March 22, 2020 | From Breitbart
“During these difficult days we can find small, concrete gestures expressing closeness and concreteness towards the people closest to us, a caress for our grandparents, a kiss for our children, for the people we love,” the pope said during an interview published Wednesday in La Repubblica. “These are important, decisive gestures. If we live these days like this, they won’t be wasted.”
The pontiff suggested that the period of isolation that many are experiencing because of the coronavirus can serve to bring people closer together, replacing “virtual communication” with the real thing.
“In their homes, families often eat together in great silence, but not as a result of listening to each other, but because the parents watch television while they eat, and children are on their mobile phones,” Francis said. “They look like monks, all isolated from each other. Here there is no communication, whereas listening to each other is important because that’s how we can understand the needs, efforts, desires of the other. . .
“I asked the Lord to stop the epidemic: Lord, stop it with your hand. That’s what I prayed for,” he said.
The key to living these days well, Francis said, is to “understand that in small things lies our treasure.”
“These gestures of tenderness, affection, compassion, are minimal and tend to be lost in the anonymity of everyday life, but they are nonetheless decisive, important,” he said. “For example, a hot meal, a caress, a hug, a phone call… They are familiar gestures of attention to the details of everyday life that make life meaningful and that create communion and communication among us.”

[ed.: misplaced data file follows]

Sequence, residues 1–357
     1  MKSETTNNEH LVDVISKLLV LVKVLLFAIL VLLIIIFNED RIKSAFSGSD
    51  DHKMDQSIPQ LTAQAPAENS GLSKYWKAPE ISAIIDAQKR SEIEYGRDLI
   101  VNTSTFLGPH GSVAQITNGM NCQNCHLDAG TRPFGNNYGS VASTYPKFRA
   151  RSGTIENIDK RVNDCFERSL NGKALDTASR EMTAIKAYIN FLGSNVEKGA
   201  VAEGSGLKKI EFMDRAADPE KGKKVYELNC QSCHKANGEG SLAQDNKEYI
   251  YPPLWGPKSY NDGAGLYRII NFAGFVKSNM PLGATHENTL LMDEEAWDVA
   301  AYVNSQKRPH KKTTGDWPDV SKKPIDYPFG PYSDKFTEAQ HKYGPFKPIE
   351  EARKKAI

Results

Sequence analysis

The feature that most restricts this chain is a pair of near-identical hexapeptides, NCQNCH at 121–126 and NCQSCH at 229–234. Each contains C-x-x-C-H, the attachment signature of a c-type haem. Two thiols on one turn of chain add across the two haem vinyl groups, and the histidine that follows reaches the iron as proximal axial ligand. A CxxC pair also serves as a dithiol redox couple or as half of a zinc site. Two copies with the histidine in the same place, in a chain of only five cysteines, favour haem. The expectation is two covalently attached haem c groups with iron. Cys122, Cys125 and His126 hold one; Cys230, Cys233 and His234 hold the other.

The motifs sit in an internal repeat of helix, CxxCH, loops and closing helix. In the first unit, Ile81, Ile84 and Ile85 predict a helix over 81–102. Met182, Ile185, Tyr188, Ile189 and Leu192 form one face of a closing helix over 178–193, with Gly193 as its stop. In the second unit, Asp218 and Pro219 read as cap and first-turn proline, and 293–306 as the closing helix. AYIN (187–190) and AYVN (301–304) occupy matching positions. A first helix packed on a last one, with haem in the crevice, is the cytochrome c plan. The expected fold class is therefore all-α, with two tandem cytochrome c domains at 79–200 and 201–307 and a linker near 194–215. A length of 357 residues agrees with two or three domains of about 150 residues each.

“We must rediscover the concreteness of little things, small gestures of attention we can offer those close to us, our family, our friends,” he said.
The pope also had words of encouragement for nonbelievers, insisting that they can find hope in the love of those around them, even if they do not believe in God.
“They are all God’s children and are looked upon by Him,” Francis said. “Even those who have not yet met God, those who do not have the gift of faith, can find their way through this, in the good things they believe in: they can find strength in love for their children, for their family, for their brothers and sisters.”
“One can say: ‘I cannot pray because I do not believe.’ But at the same time, he can believe in the love of the people around him, and thus find hope,” he said.
(Excerpt from Breitbart. Article by Thomas D. Williams PH.D.)